Exploding stars halfway across the universe reveal an extraordinary fact: the expansion of the universe is speeding up. We attribute this to a dark energy that acts to make the universe spring apart. The resulting picture is a truly strange one: most of the universe is in the form of dark matter we cannot see and dark energy we do not yet understand. Only 4% of the mass-energy of the universe is in the form of atoms that can make stars, galaxies, planets, and people. This talk will show how we know the universe is accelerating and sketch how today's idea of dark energy resembles Einstein's cosmological constant, an idea he invented in 1916 and discarded in 1931.
Robert Kirshner is Clowes Professor of Science at Harvard University. A 1970 graduate of Harvard College, Kirshner received his Ph. D. from Caltech and recently received an honorary Doctor of Science degree from the University of Chicago. His work with the High-Z Supernova team helped uncover the fact that the expansion of the universe is speeding up. Kirshner shared in the 2007 Gruber Prize in Cosmology for that work. Kirshner won the 2011 Heineman Prize for "his sustained and enduring contributions to our understanding of supernovae and cosmology." A frequent public lecturer on astronomy, he teaches a large undergraduate course at Harvard called "The Energetic Universe" and is the author of popular-level book The Extravagant Universe: exploding stars, dark energy, and the accelerating cosmos.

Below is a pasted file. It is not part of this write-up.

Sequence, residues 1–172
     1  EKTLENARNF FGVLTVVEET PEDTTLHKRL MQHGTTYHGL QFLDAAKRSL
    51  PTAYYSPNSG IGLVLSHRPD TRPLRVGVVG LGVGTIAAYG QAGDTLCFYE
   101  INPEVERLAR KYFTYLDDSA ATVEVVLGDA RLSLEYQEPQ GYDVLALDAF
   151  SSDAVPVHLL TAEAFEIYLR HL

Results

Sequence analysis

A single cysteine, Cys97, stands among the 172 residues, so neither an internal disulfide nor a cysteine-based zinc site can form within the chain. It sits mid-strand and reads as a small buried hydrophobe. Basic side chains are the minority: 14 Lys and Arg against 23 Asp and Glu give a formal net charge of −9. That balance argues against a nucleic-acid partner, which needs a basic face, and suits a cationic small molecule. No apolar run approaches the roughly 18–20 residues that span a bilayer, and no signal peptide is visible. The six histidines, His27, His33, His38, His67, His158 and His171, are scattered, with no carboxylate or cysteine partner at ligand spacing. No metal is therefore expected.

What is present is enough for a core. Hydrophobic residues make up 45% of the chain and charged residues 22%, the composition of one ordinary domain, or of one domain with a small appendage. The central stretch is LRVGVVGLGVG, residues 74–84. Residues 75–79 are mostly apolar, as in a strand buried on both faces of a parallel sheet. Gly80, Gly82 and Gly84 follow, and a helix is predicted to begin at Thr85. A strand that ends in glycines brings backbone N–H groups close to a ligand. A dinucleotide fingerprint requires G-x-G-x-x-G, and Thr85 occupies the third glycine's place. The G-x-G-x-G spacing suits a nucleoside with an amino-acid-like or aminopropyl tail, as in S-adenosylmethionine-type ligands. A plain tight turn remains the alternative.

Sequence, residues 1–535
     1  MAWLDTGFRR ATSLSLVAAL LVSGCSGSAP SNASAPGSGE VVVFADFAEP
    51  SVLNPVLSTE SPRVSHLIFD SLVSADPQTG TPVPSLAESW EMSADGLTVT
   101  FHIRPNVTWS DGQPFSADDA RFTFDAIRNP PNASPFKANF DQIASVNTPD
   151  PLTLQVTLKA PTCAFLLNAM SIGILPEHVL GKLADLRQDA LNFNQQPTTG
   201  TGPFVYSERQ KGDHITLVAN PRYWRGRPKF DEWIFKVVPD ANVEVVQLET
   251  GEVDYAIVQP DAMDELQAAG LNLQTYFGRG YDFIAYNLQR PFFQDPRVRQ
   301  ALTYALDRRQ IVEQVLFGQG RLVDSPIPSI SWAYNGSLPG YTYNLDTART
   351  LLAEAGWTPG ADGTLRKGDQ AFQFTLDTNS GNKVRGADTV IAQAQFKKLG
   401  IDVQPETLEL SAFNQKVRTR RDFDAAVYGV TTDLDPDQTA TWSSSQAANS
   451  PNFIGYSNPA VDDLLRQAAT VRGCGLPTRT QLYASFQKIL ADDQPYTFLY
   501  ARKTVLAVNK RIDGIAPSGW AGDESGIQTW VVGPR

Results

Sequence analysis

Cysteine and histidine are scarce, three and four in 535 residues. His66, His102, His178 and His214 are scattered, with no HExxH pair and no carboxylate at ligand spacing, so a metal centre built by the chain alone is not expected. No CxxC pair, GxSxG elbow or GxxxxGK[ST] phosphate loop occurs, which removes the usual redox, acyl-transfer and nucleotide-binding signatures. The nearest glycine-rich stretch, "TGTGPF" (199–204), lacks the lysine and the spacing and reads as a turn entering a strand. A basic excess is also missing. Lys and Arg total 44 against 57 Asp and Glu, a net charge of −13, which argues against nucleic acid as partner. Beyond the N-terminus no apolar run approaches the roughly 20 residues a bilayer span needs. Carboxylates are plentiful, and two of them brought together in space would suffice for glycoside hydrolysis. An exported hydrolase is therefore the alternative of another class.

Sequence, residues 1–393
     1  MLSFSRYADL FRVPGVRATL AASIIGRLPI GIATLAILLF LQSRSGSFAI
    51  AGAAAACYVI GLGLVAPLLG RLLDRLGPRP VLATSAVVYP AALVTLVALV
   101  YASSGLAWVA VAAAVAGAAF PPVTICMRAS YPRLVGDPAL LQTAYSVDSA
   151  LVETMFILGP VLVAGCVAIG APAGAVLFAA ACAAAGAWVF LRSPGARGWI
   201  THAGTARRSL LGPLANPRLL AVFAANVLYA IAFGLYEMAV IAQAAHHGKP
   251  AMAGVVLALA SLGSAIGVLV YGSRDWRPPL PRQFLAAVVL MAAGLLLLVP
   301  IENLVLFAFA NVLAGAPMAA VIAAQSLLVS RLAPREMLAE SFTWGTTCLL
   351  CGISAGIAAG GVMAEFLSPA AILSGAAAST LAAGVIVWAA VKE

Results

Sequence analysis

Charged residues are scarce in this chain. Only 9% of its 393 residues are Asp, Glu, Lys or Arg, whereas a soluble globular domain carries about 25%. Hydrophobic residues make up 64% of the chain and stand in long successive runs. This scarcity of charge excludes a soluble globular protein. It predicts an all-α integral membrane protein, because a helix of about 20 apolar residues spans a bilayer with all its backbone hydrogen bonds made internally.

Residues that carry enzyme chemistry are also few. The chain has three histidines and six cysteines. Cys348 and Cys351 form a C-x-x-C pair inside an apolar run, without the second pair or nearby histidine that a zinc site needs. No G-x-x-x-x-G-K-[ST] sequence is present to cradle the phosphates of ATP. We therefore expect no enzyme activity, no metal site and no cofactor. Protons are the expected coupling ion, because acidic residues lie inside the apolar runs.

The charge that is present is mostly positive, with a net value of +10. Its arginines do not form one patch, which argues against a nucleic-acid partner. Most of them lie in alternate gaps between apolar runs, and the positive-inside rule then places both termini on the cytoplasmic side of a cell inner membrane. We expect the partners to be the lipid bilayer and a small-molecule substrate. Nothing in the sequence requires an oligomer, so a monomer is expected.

For the article by Science in Society about this research, please see "Our Rapidly Expanding Universe", an interview with Prof. Kirshner by Beth Herbert here.
The Chicago Tribune has a story online in their TribLocal (Evanston) section here!
CIERA Second Annual Public Lecture
"The Warped Side of our Universe:
Prof. Kip S. Thorne (California Institute of Technology)
October 18th, 2010